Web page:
Rough interpretations of the cheesesteak aren't that hard to find anymore.
The MEAT franchises have been serving them up for a while, and so do the Diner chains. Red Dog also have them in their sandwich shop on Hoxton square, which we have yet to visit. Camden market apparently has a pitch selling them too. But on hearing that a new stall was serving up 'authentic' versions, we couldn't not check them out.
We hit the monthly Baker Street Quarter market, plonked behind Selfridges, to find three Phillies-shirted Yanks crammed in to a small tent, almost tripping over each other speedily preparing sandwiches on a dinky grill surrounded by a wooden screen looking like it had been constructed from the wreckage of an ikea bookshelf. Inventive.
Ordering was simple enough: you pick your size, your cheese and whether you want it with onions. There is no messing about with peppers, mushrooms or any other extraneous guff that British variations tend to favour. We have much maligned the availability of American cheeses over here but Liberty seemed to have found them, or are surreptitiously shipping them over, in the Whiz, American and provolone options they are offering (the American was actual real-life deluxe Kraft slices, which connoisseurs will know is very different to what we get here in Europe). Dairy fucking gold. Picking which one to have is like weighing up the merits of the first three Star Wars movies.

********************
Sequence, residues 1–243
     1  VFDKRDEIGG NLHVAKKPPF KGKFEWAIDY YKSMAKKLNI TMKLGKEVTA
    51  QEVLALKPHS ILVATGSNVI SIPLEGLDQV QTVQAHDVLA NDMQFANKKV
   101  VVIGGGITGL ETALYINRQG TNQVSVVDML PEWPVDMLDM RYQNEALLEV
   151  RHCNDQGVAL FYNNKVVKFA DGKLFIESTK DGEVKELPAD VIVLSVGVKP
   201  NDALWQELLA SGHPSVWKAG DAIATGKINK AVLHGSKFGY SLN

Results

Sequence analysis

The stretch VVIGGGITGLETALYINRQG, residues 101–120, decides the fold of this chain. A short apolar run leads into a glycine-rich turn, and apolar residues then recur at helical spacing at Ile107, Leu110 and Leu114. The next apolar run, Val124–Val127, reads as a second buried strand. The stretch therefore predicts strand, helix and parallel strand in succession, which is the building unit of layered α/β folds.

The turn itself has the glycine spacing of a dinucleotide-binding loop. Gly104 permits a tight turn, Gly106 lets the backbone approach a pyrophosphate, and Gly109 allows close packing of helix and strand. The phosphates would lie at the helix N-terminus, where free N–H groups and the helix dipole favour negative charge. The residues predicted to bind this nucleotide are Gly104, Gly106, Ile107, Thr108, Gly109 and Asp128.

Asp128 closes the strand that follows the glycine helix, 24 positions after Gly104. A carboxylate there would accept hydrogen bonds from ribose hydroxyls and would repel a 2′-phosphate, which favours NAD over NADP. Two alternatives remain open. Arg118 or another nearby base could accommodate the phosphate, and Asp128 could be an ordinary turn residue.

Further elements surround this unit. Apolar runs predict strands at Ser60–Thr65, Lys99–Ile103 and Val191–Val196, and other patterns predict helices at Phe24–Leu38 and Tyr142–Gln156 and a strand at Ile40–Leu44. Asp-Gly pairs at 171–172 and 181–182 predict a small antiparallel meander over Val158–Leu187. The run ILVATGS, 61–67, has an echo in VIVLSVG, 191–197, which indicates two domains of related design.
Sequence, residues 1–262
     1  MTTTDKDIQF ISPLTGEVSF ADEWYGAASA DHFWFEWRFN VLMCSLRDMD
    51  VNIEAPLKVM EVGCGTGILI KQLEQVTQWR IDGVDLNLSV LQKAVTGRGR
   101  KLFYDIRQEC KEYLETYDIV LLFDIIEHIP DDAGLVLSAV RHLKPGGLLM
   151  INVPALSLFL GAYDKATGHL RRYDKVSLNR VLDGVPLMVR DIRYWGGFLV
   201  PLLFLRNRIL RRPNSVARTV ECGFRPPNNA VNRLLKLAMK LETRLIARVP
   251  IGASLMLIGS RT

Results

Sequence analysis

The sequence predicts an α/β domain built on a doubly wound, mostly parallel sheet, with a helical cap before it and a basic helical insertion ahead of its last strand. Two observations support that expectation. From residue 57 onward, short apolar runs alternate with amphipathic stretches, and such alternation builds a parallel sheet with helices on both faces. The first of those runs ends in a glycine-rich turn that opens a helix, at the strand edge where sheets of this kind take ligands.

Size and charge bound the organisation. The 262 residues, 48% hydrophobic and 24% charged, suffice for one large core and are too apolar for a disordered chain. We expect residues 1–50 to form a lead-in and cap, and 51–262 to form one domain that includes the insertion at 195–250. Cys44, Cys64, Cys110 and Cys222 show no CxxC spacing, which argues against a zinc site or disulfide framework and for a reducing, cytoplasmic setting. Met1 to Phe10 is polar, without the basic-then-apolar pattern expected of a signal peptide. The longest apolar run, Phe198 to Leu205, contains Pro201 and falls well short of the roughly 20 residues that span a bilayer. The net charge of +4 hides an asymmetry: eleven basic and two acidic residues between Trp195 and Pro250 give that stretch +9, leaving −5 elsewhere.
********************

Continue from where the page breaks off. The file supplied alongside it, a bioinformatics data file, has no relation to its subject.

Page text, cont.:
Waiting for our Provolone wit and Whiz wit orders, we observed prep at work: Thin slices of rib eye were scooped from huge packs and lobbed on the grill. Once browned, spatulas and nifty hands proficiently hack it into little chunks. Pepper was crunched over, onions plonked in, and the concoction was moved into position to have the cheese added and melted. Bewitching.
The Italian roll, aided by some time steaming in the foil wrapper, was nicely soft but still retaining that good kind of chewy pull of the bite. The skinny strips of rib eye gave no resistance, and the sauteed onions were meltably soft. The texture was banging, but the flavour wasn't off the charts. That was where the cheese came in.
The sticky provolone provided a subtle mild and almost nutty sweetness to the sandwich. But the Whiz, the fucking WHIZ guys, was a gorgeous thick, gloopy deep-yellow lava punching hefty hits of salty, cheesy flavour amongst everything. Both great, refinery versus balls-out brashness. We took along a relative aficionado of the cheesesteak (afi¦cion|ado: a British person who has visited Philadelphia and eaten a whole bunch ton of cheesesteaks), and boldly said it was up there with the best he'd tasted.
America it ain't, so the portion sizes aren't as off-the-hook big as you would like, but the ratio of meat-to-cheese-to-bun is solid and you aren't left wishing there was more or less of anything. You just get a pretty damn good cheesesteak.
Now, if someone can start serving up a decent shrimp Po'boy then we're talking...